About a year ago, I went on a trip to Tanzania with a group of students from my university. Our group was a cohort of global scholars, and this was our first trip abroad. We were learning about the healthcare system in Tanzania. I learned so much not only about the healthcare system but about the culture. The biggest lesson I learned was that Africans aren’t poor.
Yes, I know what you’re thinking. How could I possibly be saying this when there are constantly commercials littering our television screens giving us proof of their poverty by asking us for our money to feed the starving children or provide them with a mosquito net? From a financial standpoint, you could consider many African countries to be behind or lacking resources in many ways.
What I’m talking about is that they are rich in love, rich in culture and rich in values. I don’t think I’ve ever encountered a more welcoming culture in my life, and that made my transition into a completely unexplored environment so much easier. Every time I passed someone at a hospital we visited, or a village we went by, I heard the words “Karibu sana” (which means “You are very welcome” in Swahili).
To me, those words meant so much. To know that I was welcomed into another country (even another continent for that matter) with such love and open arms made me feel at peace. I felt so grateful to be surrounded by a culture that was so loving. We would be on the bus riding to our next destination, and I would look out the window and all it took was to simply make eye contact with somebody and the biggest smile would appear on their face and they would excitedly wave and yell out “Jambo!” (Which means “Hello!” in Swahili.)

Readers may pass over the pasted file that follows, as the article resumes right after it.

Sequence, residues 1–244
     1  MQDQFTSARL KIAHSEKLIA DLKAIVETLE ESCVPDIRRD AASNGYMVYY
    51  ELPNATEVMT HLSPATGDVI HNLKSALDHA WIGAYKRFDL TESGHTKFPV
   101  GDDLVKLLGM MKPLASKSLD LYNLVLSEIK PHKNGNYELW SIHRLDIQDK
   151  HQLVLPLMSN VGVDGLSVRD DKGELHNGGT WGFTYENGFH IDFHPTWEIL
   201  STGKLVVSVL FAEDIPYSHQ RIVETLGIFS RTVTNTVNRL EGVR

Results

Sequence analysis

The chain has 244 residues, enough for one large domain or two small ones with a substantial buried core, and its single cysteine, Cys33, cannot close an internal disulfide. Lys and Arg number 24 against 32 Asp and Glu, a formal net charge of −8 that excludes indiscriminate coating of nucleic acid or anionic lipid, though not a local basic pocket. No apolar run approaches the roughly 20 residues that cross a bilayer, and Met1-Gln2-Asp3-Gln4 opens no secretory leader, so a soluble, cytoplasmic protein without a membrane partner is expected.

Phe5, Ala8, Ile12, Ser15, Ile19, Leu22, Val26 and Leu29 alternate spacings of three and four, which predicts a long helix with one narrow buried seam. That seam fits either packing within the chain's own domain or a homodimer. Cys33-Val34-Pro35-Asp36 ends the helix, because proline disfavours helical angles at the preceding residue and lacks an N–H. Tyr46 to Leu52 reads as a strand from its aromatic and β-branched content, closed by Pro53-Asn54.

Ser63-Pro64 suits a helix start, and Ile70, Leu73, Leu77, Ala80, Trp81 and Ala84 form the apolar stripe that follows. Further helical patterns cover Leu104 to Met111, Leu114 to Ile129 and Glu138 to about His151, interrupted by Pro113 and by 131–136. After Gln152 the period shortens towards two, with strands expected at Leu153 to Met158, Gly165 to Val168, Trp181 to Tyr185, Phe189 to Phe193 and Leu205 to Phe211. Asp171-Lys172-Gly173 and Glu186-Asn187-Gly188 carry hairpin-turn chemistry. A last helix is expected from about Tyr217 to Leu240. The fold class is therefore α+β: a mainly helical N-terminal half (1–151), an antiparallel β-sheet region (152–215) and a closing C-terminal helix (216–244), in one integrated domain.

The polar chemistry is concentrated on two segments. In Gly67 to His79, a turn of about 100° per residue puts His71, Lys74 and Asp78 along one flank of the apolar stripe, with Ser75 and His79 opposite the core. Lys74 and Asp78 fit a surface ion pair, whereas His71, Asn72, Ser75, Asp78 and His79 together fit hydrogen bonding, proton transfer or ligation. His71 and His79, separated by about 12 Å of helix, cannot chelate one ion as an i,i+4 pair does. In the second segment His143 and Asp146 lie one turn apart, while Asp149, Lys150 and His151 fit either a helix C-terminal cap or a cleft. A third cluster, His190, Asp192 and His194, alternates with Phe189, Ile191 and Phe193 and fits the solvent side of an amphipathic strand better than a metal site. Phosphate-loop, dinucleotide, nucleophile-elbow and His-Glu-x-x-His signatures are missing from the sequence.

These are things we definitely don’t see in America.
Many of you might also think what I saw were streets filled with debris, starving children and poor families begging with looks of despair on their faces. It was quite the contrary. Their culture is remarkable.
Tanzania was full of beautiful landscapes, vibrant colors and lively people to match it. I could see Mount Kilimanjaro from the front porch of the place I slept at every night. I went on an actual safari, and we drove through Tarangire National Park watching giraffes, elephants, zebras, and so many other animals roam free in their natural habitat (it wasn’t a zoo — how cool is that?).
I visited the native Masai Tribe and dressed in their clothes, held their hands and danced with them. I was not only able to observe the culture of Tanzania, but I was able to participate in it. I could completely submerge myself in the experiences I was having so I could really know the true happiness these people feel.
These people may not have everything they want in the world, and they definitely don’t always have everything they need. But they always have enough to live life simply and survive. They are working to live their lives just as we are. They have families to support. We could definitely learn a few things from these people.
This is why they are rich. These people have enough, and they are happy.
So the next time you see a sad commercial about Africa on TV, remember that there are so many people out there waiting to welcome you into the richness of their culture.
If you ever have the opportunity, go for it.